Saturday, April 24, 2010

Mumbai and Good-bye to India

Mumbai has been a surprise (in a good way). When we were in Goa we met two Brits who flew into Mumbai and immediately bought 1,700 rupee (about $40) 1st Class train tickets to Goa. They said Mumbai was crazy and insufferable (you got to love Brit-speak) so they got out of there right away. The $40 train ticket should have tipped us off that we shouldn't necessarily trust their description, as we paid 800 rupees (about $18) for two tickets in non-AC Second class from Goa to Mumbai.

Everywhere we've been in India people have told Mumbai would be crazy, with beggars everywhere, slums all over the place, unbelievably bad traffic, etc. And then they would go on about the local trains, how crowded they were and how we should avoid them at all costs. Well, to that I would say, yes, yes, yes, yes and yes. It is all those things, but it also some how works. Mumbai has a wonderful vibe, a feeling of being alive that we didn't feel as much in the other big cities of Chennai and Bangalore. Surprisingly, Mumbai reminded us mostly of Bangkok, with a large working class and lots of "regular" looking people milling around, busy doing whatever it is that Indian working class people do. Our impression of course comes from staying in a middle class neighborhood in North Mumbai with Gaurav, our couchsurfing host.
From Mumbai
Our train ride from Goa was quite pleasant, no real issues, apart from being over 12 hours long. There was ample food available from vendors walking the isles of the train; we sampled biryani, pakoras, somosas, bananas and frozen fruit bars (kept cold with dry ice!) all washed down with about 10 cups of chai throughout the trip. Indians certainly stay well fed on the trains.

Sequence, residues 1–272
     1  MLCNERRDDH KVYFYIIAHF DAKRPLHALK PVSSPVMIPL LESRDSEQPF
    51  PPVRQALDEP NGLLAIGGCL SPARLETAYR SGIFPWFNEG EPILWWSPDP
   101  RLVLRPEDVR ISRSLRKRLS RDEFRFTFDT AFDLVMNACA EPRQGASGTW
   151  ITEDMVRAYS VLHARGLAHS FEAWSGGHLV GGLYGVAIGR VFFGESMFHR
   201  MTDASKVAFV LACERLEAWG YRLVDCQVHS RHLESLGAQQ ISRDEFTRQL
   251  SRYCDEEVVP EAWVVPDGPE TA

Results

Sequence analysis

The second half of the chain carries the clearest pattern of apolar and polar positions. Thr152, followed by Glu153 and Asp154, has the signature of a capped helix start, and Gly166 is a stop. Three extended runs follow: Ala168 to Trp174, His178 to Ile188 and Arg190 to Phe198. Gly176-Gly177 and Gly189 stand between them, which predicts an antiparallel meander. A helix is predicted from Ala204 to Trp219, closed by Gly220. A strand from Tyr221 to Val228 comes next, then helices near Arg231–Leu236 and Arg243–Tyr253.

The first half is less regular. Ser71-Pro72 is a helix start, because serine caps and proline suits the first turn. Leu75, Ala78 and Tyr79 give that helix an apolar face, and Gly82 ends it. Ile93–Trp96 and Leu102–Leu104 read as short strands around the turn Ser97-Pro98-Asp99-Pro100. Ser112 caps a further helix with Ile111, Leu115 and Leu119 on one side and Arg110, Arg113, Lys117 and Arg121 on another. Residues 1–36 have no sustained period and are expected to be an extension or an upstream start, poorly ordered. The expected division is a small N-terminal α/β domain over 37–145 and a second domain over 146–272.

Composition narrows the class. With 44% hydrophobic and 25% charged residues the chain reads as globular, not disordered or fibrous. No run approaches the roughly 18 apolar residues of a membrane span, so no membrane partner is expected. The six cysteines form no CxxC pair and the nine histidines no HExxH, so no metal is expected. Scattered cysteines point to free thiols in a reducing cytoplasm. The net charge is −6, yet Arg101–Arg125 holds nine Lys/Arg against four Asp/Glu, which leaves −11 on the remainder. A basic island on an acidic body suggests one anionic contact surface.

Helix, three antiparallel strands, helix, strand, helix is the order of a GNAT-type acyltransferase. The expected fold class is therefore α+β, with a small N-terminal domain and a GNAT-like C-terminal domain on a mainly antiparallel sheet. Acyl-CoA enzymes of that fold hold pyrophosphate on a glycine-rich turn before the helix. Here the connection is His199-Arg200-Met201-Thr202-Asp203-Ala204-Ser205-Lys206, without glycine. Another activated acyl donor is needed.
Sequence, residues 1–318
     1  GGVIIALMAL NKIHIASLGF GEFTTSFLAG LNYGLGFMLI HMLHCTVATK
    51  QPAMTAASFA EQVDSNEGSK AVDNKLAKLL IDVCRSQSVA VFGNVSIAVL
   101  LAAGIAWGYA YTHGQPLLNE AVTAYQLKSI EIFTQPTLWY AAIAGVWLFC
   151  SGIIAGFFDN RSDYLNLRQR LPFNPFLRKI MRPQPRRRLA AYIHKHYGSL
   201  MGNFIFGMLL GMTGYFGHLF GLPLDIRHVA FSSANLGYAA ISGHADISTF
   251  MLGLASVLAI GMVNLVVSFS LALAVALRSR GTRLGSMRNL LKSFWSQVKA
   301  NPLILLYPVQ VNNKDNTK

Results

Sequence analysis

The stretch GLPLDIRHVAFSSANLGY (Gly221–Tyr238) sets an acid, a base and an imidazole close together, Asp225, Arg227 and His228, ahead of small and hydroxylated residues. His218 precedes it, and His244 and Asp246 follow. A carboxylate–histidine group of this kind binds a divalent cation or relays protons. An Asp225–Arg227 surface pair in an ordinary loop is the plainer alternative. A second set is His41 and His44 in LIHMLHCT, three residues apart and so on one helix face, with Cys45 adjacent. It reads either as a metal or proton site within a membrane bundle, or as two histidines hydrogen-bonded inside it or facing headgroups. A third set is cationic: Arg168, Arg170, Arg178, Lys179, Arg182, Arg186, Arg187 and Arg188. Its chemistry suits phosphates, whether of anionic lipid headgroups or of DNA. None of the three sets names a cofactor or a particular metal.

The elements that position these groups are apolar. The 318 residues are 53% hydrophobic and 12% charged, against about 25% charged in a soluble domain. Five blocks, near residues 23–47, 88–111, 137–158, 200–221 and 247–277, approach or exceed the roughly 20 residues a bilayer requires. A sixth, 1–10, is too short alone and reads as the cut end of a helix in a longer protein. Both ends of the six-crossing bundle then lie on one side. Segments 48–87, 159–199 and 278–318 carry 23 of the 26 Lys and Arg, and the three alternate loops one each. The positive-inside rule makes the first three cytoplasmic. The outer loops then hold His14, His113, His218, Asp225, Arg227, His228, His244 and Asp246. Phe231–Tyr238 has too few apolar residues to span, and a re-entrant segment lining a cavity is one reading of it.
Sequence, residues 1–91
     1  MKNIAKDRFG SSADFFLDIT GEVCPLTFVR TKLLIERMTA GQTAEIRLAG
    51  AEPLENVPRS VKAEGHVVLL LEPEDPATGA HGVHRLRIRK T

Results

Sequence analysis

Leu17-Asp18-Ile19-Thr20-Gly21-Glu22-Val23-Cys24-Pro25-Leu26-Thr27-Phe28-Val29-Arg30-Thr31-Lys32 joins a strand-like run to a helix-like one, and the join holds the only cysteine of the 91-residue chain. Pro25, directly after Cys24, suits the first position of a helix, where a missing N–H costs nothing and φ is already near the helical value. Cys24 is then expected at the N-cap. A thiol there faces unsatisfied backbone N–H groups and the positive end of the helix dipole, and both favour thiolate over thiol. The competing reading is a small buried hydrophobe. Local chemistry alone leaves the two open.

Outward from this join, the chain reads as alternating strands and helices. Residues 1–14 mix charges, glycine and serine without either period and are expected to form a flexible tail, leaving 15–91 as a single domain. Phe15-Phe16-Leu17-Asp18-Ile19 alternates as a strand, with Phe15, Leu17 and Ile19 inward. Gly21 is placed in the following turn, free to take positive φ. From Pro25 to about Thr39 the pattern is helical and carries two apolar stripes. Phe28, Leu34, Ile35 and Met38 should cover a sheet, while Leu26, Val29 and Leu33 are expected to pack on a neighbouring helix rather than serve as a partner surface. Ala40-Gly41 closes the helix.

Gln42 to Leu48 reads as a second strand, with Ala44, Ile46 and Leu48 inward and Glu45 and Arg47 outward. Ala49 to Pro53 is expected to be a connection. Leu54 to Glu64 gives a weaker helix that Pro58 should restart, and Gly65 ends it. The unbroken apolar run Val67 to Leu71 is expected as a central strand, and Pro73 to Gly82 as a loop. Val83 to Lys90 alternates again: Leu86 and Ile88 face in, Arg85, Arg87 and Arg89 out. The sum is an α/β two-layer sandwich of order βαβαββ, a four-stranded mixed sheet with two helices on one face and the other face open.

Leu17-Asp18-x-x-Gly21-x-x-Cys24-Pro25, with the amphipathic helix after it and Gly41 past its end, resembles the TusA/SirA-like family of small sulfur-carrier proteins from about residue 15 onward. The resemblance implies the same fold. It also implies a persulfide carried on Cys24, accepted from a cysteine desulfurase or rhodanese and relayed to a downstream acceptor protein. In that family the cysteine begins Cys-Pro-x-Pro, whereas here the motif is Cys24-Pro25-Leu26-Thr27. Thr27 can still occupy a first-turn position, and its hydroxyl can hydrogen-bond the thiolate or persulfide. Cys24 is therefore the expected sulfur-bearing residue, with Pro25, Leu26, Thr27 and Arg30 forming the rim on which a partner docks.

We spent two full days exploring and walking around Mumbai. Each day we started with coffee in Gaurav's apartment, then took a rickshaw to the train station and then a local train to whichever part of the city we were exploring that day. The local trains are something like I've never seen. Apparently there can be up to 7,000 people in an 1,800-person-capacity train during rush "hour". The train pulls up and it's an instant shoving match to get on the train. On one train we tried pushing to get into the car but it was solid people, so we rebounded out and tried the next car. Compounding the problem was that about 1/3 of the train cars are "Lady Only" cars with slightly more room in them, but since Jaimee and I did not want to be separated, Jaimee often ended up being the only woman packed like sardines in the train cars. I really wanted to get some good pictures of the chaos on the trains, but when you're surrounded by so many people, it's a little hard to snap a good photo.
From Mumbai
Mumbai has been unbelievably hot. They're having a heat wave right now; it's been about 100 degrees with 70 or 80% humidity and even the locals are complaining about the heat. Needless to say this makes for pretty poor sight-seeing weather. We tried our best and saw some neat sights. The architecture is pretty, and the city has a very cosmopolitan feel to it. We didn't take a ton of photos while we were here, but you can take a look at the whole set here. A quick note about the "slums" of Mumbai, which you won't see in any of our pictures. They are definitely apparent and quite sprawling, especially along the train tracks. We didn't get any good pictures mostly because we didn't want to gawk and stare and also because once you stop moving you become a target for beggars or people selling stuff. The slums and the way that so many people live in them are very fascinating though.

Tomorrow we fly to Cairo, Egypt. We arranged to stay with a couchsurfer, an American working for a non-profit organization there. He can host us for two nights and then we'll take a side-trip either down the Nile or over to the Sinai Peninsula.

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